Richard Morgan & Maria Woodley

Richard Morgan (1868-1898) and Maria Woodley, Birmingham

 (L:R Richard Morgan, Richard Morgan, Gwenllian Morgan  source: family photograph) 

One issue in investigating family history, in the absence of letters, oral accounts or any other actual testimony, is that we try to deduce – and sometimes embellish - people’s motives and aspirations from the rather stark biographical and residential data available.  The life of Richard Morgan – youngest son to Richard and Gwenllian Morgan – shows how we must be careful in not trying to assume too much – while still being tempted to try and tell a story.  The young Richard Morgan is shown here with his parents, in his railway porter’s uniform, most likely in the early 1880s (he was born in 1868).  This photograph might have been taken to celebrate his first job.  He was certainly still resident at Coelbren House in 1881 (aged 13) but by the  1891 census he is difficult to find.  He is possibly the Richard Morgan, Railway Porter, found below as a Boarder in Swansea, in the St Thomas area, which would have been a very different environment to the one in which he was brought up. However, perhaps the most telling aspect is that Richard, like his father, did not go into the mines.

1891 Census for England and Wales: Swansea

St Thomas’ station, Swansea, around 1910.  This is where the Midland line terminated in South Wales.  Most of the traffic between here and the Midlands was goods (freight)  - particularly processed metals to feed the Midlands industries - and livestock.  At one point it was said there were up to eight goods trains a day between Swansea and Birmingham.  The Midland ran their trains over the Neath and Brecon line, using Coelbren Junction. Source: WalesOnline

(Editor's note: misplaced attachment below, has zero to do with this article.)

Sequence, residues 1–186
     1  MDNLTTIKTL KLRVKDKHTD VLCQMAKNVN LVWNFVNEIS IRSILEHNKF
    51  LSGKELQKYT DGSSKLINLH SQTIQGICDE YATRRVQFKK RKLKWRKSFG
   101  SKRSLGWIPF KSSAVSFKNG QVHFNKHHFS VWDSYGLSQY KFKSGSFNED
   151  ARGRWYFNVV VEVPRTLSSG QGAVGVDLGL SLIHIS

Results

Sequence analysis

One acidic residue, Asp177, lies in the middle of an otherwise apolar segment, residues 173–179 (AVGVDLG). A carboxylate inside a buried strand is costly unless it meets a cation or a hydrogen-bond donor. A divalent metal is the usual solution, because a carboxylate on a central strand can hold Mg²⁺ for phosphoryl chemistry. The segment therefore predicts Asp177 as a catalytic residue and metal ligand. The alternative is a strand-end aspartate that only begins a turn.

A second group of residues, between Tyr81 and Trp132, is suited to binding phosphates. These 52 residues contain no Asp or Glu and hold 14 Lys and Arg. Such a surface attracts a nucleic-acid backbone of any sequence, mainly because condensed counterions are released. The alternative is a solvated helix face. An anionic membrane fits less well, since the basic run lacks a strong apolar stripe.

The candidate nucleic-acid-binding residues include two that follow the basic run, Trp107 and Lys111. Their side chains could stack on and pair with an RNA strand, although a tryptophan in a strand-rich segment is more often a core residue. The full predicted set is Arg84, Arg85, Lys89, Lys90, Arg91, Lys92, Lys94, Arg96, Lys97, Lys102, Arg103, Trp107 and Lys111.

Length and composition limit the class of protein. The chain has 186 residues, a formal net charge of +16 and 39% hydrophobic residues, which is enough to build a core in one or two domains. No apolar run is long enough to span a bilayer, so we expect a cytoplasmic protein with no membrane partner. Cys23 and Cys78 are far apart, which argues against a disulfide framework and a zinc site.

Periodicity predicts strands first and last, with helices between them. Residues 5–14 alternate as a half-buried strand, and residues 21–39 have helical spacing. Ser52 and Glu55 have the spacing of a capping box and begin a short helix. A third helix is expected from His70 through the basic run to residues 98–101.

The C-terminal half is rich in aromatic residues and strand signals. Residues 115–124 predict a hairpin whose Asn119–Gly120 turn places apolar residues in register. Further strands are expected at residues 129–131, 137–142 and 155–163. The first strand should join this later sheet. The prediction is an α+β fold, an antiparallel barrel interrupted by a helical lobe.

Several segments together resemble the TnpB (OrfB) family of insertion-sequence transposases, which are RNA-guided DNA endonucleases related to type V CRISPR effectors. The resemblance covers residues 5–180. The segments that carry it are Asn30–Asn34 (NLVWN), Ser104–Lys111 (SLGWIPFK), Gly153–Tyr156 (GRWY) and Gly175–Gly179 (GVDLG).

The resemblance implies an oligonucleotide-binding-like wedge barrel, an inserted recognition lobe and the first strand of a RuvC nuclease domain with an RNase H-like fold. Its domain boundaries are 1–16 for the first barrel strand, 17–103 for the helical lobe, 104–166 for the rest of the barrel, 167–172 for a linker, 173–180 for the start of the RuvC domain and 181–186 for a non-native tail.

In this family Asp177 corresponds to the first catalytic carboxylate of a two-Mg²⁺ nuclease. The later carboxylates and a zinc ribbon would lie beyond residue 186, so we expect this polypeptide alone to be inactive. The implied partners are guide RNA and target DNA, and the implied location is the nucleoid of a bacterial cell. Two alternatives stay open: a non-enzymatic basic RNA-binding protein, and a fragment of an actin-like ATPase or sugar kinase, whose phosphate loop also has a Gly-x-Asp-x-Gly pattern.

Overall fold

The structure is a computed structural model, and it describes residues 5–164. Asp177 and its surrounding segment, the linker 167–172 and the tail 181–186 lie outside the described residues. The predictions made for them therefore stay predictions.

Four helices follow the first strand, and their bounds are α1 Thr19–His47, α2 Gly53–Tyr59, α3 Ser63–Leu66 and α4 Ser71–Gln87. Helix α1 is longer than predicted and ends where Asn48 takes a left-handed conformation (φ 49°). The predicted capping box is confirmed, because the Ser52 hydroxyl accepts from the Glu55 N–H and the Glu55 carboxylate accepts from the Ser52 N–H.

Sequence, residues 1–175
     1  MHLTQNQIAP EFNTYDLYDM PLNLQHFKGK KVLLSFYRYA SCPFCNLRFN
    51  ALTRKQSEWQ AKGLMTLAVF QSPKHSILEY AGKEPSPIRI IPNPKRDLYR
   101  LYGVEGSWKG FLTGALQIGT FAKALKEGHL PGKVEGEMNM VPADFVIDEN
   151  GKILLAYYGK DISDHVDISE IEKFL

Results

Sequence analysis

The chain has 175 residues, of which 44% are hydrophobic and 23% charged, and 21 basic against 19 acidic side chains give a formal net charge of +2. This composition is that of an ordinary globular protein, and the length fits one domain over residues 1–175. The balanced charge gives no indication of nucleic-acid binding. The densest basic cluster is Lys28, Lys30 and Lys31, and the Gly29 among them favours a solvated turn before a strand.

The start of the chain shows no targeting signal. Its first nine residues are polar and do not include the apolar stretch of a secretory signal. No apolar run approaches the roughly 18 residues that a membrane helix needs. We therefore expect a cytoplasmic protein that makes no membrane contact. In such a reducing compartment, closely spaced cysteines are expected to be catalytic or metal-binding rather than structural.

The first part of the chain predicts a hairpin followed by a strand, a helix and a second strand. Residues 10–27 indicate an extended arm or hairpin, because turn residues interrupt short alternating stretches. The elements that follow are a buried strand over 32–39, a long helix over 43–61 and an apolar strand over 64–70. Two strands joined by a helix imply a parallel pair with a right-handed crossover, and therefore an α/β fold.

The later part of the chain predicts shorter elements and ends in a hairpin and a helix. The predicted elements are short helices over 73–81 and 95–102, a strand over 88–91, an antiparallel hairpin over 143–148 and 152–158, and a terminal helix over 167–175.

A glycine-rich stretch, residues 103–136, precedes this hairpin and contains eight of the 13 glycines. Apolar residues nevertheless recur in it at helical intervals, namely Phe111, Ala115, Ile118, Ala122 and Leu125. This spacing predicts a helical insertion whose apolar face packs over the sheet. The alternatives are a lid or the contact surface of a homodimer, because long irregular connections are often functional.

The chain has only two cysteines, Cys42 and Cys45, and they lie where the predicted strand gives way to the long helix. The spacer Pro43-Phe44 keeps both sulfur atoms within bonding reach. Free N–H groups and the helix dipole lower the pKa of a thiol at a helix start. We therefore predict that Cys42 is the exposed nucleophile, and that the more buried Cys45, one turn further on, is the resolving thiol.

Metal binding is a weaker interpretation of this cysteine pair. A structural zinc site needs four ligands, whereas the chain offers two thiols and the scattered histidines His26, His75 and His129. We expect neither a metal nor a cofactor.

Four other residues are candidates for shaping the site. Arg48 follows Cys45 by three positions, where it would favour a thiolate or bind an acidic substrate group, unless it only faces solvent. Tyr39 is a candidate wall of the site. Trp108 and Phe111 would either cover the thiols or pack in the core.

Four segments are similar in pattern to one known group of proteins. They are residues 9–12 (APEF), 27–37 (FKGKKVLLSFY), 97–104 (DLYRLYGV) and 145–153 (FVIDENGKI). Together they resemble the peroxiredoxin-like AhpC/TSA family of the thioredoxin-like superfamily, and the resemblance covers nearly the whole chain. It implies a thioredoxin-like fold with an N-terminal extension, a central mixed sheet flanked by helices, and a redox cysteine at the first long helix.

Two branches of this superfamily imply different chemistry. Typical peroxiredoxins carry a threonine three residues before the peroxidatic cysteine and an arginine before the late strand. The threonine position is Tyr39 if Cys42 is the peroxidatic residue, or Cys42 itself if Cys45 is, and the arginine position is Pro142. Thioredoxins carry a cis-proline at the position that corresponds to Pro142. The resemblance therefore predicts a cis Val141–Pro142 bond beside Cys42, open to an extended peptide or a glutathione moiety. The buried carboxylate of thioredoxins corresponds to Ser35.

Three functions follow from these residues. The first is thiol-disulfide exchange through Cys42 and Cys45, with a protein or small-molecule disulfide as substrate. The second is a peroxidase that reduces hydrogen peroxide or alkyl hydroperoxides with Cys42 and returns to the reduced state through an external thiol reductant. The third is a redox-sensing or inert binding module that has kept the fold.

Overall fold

Richard almost certainly worked on the Midland railway line and perhaps this meant him travelling directly back and forth between Swansea and Birmingham – via the Coelbren Junction created for that very purpose.  So instead of leaving home definitively, as it initially appears, his lodging in Swansea – close to the main station there - might have been entirely pragmatic and he may well have dropped in to see his parents quite often, en route.  However, the next official record we have for him is his marriage to Maria Woodley, on the 7th November 1897, in Aston (an inner-city district of Birmingham).  For his marriage certificate, he gave his occupation as Railway Goods Guard and the address of Duddeston Mill Road was again conveniently very close to a large railway depot. 

Unfortunately, Richard and Maria’s marriage was to last barely three months: Richard’s death through diabetic coma is recorded on 15 February 1898, aged 29.  His occupation is still “Railway Goods Guard”. What is possibly more poignant is that at this time, his wife Maria was pregnant with their daughter.  The discovery of insulin as a hormone able to regulate blood sugar levels was not made until the 1920s and until then diabetics had very short life expectancies.

Violet Morgan was born in Aston on the 29th August 1898.  Here we have a conundrum, as on her birth certificate (and also baptismal record), “Father’s” occupation is now recorded as “Publican”.  At the moment I believe Maria Morgan recorded, mistakenly, her own father’s occupation (Alfred Woodley: variously a dealer, “Coster” and publican), instead of Richard’s.  Certainly, Maria was no stranger to the licensed trade and she went on to remarry a Richard White and by 1911 they can be seen running the Coachmakers’ Arms in nearby Saltley.  The young Violet Morgan appears to have had a difficult start in life; with no father, she is found in her grandparents’ house in 1901 (with mother recorded as a bar-maid) and cannot so far be found anywhere in the 1911 census – she is not with her parents at the Coachmakers’ Arms.


Children of Richard Morgan and Maria Woodley:

Violet Cecily Morgan (1898-) married Arnold Fryer (1900-54), West Bromwich

This couple married in 1929 at West Bromwich, Birmingham.  Arnold Fryer appears to have died in an industrial accident in Birmingham.  For much of their married life, they lived in Antrobus Road in the Handworth area of Birmingham.  They are shown there on the 1939 register and on later electoral registers.  In the mid to late 1950s, Violet is shown there on electoral registers alone with her daughter, her husband Arnold having died in 1954.


© (the written content and authorial photographs) Gareth Jones 2015-20